Attempts by Telekom General Manager, Martyn Robinson, to blame moves to remove him from office on his Solomon Islander Deputy, Harry Zoleveke by sacking him, has backfired.

The collective response of the Solomon Islander Telekom workers yesterday was to resign en-masse.

During a visit yesterday to a stop work meeting of the local Telekom workers in Honiara, many were in the process of signing their resignation letters.
A spokesman for the workers stated that Harry Zoleveke's sacking was an attempt by Robinson to deny the fact that all the Solomon Islander employees of Telekom support his immediate removal from office.

"He sacked one of us and our reaction is a mass resignation of more than three hundred Solomon Islander workers, including those in the Provinces to show Robinson and all that we are united in our call and resolve for Robinson to leave," the spokesman said.

Meanwhile, Telekom's operating centres in Central Honiara and at Ranadi were closed yesterday, with notices at the front gates stating that Telekom was closed yesterday for a staff meeting to discuss their situation. The notices also say that any queries should be directed to the Chief Executive Officer of the Solomon Telekom, Martyn Robinson.

The local staff's mass resignations are in support of their demand for the immediate resignation of company CEO Martyn Robinson or for the Telekom Board to remove him in seven days if he does not resign own his own, within 48 hours.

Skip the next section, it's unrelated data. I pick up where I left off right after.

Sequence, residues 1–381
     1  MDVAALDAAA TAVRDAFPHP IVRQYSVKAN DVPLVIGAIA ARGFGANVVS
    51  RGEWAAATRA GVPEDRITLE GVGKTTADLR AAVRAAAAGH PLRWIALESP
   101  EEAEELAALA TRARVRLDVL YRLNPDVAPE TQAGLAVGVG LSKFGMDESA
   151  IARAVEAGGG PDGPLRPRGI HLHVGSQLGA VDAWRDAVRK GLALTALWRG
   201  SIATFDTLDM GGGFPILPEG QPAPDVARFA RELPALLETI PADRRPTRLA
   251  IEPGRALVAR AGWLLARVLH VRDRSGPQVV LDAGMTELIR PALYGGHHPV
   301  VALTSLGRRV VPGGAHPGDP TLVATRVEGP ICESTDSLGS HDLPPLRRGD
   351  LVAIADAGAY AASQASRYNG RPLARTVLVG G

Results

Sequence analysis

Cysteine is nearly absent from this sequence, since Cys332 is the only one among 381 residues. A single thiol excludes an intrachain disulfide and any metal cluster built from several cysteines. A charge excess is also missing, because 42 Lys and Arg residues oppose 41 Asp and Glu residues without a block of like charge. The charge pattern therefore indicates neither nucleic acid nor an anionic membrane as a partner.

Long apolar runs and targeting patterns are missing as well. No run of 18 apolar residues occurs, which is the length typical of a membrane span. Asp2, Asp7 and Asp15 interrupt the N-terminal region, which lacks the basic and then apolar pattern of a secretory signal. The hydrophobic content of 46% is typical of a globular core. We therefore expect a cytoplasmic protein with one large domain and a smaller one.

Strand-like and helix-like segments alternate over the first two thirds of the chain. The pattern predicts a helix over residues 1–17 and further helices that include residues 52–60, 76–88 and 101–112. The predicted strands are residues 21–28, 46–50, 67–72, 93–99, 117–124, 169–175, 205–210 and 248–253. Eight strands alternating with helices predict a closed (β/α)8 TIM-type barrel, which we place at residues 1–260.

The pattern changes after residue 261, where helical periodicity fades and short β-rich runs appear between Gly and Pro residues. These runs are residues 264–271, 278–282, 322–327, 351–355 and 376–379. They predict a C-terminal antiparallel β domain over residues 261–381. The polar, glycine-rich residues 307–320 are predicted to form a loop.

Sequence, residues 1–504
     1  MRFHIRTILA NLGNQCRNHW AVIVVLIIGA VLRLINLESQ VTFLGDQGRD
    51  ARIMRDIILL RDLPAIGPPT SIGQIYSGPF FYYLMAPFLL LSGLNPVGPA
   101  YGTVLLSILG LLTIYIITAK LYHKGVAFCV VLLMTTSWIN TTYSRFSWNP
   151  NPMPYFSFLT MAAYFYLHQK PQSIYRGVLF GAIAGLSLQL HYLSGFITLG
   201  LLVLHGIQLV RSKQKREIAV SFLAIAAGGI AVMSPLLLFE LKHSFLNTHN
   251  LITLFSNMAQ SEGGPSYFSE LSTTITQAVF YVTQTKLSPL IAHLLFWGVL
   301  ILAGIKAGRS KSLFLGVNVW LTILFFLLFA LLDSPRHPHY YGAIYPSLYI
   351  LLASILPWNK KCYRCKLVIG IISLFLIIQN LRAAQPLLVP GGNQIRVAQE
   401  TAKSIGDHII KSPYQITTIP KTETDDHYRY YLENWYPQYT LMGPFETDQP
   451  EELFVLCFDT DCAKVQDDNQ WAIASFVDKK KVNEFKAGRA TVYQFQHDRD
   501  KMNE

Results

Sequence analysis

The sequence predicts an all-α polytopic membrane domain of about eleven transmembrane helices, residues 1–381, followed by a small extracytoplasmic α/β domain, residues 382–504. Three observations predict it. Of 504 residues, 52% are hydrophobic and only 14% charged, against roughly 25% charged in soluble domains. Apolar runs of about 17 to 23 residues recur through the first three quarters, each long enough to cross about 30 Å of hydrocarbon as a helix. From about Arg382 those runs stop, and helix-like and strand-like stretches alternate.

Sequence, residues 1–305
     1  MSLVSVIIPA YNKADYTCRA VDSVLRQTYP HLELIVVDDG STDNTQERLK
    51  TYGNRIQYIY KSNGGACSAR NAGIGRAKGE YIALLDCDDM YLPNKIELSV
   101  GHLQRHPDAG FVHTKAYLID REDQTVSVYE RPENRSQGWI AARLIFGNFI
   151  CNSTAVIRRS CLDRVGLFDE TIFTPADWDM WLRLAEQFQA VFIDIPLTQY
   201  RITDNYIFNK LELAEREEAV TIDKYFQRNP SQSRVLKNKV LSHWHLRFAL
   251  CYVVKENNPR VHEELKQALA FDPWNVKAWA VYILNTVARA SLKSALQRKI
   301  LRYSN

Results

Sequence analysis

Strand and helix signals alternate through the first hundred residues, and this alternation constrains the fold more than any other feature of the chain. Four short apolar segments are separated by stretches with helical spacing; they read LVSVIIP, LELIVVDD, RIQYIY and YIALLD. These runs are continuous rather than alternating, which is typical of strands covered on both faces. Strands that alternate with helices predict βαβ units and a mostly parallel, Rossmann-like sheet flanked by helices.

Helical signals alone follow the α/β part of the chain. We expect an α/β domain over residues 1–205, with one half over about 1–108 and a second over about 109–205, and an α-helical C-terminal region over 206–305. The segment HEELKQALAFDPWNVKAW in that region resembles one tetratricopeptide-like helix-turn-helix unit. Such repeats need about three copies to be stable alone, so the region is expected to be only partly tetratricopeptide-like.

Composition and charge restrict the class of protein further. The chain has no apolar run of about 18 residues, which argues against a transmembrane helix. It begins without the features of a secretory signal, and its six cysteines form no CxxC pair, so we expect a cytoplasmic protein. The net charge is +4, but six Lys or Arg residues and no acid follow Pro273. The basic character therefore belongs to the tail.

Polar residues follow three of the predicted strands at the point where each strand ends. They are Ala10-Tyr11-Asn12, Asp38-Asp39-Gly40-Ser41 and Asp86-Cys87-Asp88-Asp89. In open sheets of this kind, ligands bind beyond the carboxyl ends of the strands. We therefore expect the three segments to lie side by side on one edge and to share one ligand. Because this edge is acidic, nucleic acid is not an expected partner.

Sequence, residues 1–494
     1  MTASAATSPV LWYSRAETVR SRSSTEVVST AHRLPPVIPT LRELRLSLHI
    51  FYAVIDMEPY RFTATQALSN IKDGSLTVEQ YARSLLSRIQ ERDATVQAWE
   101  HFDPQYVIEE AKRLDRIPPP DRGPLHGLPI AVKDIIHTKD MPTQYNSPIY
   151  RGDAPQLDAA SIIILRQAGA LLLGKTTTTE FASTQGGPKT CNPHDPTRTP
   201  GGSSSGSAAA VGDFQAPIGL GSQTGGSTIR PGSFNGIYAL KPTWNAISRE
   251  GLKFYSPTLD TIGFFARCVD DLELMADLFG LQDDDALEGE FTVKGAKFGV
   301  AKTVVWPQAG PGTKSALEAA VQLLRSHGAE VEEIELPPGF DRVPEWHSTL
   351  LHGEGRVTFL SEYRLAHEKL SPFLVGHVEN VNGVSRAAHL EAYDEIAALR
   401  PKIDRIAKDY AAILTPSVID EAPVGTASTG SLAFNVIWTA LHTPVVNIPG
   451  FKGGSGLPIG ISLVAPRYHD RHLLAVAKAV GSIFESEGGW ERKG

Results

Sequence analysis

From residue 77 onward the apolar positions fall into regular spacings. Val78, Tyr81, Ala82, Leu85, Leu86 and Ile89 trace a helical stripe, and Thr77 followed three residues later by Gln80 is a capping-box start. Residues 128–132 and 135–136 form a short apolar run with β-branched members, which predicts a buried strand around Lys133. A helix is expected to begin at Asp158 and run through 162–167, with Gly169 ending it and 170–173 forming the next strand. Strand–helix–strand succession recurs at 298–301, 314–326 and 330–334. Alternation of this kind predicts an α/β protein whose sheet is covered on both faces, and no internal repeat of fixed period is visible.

Telekom local staff has submitted this week a petition to the majority owner the National Provident Fund and the Government demanding Robinson's removal. The petition has been signed by representatives of Local Managers and Contracted Staff, the Senior Staff Association (SSA) representing the middle management staff, and the Solomon Islands Telecommunication Workers Union (SITWU) representing the lower bracket of the Telekom workforce.

The local employees of Solomon Telekom have pledged total and collective support in their petition for their demands and pledge to take supporting industrial actions if their demands are not addressed.

In the early nineties, local employees also put pressure on Telekom which led to the removal of former expatriate General Manager John De Gabriel over the same issues that the local staff is now raising against Robinson, particularly the area of training, fairness, and discriminatory practices.

While John De Gabriel was only in the country for a short period, Robinson has been the Telekom CEO for seventeen (17) years and since arriving in the country has successfully removed SINUW from Telekom during his tenure in office.